Respecting Others’ Time by Meggin McIntosh, PhD

By meggin@meggin.com
Apr 8th, 2013
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timeProductivity and good manners often go hand in hand, and we all strive to be productive and to be viewed as being polite. Unfortunately, when we are less than productive, we often throw our good manners out the window.  I’m reminded of a quote: “Lack of planning on your part does not constitute an emergency on my part.” Notice that most of these tips are simply issues of respect (good manners).

  1. Ask other people for permission to intrude on their time and space.

  2. When you call someone on the phone, say, “Good time? Bad time?” If they say “Well…” they mean it’s a bad time.  (Note:  My brother has taught me this one and I love it!)

  3. Tell folks up front how long you think a meeting, appointment, or task is going to take…and ask whether that will work for them. Be as accurate as possible in estimating these amounts of time.

  4. Pick up on cues when you are in someone’s office, home, or other space that give you the message that you are there at an inconvenient time. Tell the person that you’ve noticed you’re interrupting and that you’ll come back at another time. Leave immediately.

  5. Listen for verbal cues when you are on the phone that you might have called at an inconvenient time, or that the call has gone on too long. Use the phrase “Well, it’s back to work for me!” and conclude promptly.

  6. Avoid sending emails that are of no value or consequence. Especially avoid “bounce back” or “ping pong” emails (thanking them for thanking you, etc.).

  7. Negotiate deadlines for tasks that have been delegated. Don’t interrupt others’ (including your employees’) time and productivity by asking for constant feedback on a task (unless that was part of the negotiation).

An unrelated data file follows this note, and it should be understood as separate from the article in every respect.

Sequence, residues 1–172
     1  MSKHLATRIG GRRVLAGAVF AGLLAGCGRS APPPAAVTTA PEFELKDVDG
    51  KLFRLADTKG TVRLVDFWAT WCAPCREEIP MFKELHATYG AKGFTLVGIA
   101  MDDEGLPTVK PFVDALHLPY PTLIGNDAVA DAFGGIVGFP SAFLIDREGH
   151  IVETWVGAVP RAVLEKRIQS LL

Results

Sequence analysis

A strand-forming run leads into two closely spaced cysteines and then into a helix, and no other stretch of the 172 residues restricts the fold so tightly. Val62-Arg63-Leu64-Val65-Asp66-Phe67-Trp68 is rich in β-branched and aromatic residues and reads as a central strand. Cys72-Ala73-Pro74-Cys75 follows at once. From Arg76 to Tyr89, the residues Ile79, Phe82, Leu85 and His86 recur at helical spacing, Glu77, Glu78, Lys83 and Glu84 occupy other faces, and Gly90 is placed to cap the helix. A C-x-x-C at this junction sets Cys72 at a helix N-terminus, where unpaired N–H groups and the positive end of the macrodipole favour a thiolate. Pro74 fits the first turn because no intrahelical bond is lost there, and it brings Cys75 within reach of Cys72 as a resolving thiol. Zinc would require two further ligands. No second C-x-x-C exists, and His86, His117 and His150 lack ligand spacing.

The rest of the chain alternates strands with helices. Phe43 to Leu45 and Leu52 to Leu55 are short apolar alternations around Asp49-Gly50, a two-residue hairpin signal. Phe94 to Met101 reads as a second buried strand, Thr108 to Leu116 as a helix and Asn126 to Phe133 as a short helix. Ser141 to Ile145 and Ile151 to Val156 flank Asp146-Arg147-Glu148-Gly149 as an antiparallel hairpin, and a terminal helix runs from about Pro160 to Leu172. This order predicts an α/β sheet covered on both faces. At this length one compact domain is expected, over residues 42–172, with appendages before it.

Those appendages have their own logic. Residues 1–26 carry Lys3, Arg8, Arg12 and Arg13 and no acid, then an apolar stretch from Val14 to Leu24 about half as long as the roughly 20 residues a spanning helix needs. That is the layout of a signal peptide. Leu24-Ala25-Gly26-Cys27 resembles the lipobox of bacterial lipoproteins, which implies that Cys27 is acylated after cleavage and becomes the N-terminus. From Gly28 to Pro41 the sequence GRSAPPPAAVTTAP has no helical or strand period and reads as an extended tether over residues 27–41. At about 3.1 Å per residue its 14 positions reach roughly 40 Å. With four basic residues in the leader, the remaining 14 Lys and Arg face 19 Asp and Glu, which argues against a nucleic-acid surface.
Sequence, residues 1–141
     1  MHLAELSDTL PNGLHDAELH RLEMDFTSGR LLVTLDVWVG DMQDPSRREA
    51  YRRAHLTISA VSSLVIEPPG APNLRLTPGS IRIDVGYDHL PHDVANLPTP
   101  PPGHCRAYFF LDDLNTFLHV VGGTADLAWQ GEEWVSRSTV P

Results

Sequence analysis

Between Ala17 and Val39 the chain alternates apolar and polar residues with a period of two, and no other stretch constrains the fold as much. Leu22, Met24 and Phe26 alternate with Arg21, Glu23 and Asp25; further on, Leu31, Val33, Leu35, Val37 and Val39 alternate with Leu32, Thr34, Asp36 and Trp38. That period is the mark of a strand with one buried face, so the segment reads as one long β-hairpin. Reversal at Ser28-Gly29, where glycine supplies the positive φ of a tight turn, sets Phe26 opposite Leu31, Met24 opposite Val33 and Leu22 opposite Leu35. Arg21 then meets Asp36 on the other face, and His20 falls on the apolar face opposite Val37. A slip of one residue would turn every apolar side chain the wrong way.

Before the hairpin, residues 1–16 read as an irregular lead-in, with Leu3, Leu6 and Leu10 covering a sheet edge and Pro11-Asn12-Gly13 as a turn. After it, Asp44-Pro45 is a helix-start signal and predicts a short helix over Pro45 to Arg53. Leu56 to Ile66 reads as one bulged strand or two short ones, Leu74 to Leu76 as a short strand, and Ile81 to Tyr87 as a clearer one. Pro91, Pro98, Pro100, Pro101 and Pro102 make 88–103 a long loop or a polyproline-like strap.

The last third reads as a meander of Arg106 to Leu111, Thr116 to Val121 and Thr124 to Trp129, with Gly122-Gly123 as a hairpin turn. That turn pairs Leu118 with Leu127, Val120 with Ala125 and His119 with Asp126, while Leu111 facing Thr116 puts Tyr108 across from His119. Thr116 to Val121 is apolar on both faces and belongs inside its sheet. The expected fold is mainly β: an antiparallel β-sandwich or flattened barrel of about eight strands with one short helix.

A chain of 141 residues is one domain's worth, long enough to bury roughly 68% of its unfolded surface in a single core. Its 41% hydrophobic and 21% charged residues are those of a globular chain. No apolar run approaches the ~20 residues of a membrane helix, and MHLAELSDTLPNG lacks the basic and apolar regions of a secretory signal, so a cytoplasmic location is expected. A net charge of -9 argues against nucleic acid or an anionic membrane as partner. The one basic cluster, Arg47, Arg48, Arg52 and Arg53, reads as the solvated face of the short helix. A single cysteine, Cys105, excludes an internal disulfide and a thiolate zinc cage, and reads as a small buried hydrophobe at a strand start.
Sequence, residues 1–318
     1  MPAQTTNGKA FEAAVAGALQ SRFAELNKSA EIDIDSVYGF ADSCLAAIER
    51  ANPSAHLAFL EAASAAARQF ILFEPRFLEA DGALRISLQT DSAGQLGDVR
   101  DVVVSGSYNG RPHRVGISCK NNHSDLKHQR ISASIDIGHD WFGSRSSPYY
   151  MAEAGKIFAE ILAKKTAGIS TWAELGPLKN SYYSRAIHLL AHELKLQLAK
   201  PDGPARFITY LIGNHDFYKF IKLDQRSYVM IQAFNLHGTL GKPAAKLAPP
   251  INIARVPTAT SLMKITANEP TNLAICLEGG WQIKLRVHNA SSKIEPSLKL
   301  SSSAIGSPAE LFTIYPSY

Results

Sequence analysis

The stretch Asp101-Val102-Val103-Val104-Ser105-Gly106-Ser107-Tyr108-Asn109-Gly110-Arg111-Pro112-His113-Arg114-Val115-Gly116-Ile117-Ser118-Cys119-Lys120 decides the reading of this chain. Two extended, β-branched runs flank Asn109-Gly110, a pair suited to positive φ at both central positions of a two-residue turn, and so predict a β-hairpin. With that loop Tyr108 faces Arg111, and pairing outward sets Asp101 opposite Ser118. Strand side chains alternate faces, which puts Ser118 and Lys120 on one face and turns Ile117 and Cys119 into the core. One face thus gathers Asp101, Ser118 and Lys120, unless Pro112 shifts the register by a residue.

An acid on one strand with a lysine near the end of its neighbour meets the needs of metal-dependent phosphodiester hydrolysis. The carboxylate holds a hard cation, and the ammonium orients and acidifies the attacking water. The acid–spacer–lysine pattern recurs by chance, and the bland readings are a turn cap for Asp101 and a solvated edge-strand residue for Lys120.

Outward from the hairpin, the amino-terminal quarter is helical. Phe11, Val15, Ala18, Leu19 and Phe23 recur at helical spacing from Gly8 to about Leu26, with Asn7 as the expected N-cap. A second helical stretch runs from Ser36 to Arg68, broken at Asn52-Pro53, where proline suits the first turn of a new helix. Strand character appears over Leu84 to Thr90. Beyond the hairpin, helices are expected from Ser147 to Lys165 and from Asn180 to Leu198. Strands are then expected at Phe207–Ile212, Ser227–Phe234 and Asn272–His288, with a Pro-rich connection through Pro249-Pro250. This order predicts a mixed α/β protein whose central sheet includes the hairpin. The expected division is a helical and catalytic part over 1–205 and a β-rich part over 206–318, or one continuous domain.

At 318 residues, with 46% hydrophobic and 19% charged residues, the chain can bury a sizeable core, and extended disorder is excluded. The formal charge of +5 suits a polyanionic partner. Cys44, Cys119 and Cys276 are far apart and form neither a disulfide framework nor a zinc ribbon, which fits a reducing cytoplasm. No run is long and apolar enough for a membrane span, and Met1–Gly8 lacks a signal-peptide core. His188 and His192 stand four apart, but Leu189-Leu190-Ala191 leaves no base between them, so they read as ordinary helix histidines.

8. Plan well so that you are not asking for things at the last minute, whenever possible. If you must ask for something at the last minute, announce that the deadline on another task will be extended.

  9. Don’t interrupt others who are talking as if your issue is more important than theirs. If it is, then at least apologize.

  10. Teach others to respect your time, too.  We’re all more polite…when we’re all more polite.  We all respect boundaries better when…we all establish and respect boundaries.

Use this email as a focus point for an all-office meeting. See if there are ways to improve everyone’s respect for time, which will consequently increase everyone’s productivity.

Meggin McIntosh, PhD (also known as “The PhD of Productivity”®) was a university professor for over 15 years and spent five of those years working with faculty at the University of Nevada, Reno.  Since leaving the full-time academic life for the full-time entrepreneurial life, Meggin writes, consults, and does workshops for smart people who want to be more productive, thereby being able to consistently keep their emphasis on excellence.  Thus, the name of her company is Emphasis on Excellence, Inc.

And for strategies to help put pockets of time into your writing, check out Putting Pockets in Your Professional Life: 52 Tips to Implement Immediately. This booklet is for professionals who are frequently rushing from meeting to meeting, promising and then not delivering, or wondering if they will ever “catch up.” In this booklet, readers will find tools to support them in our often-crazy world so that they can live their professional lives more peacefully and productively.

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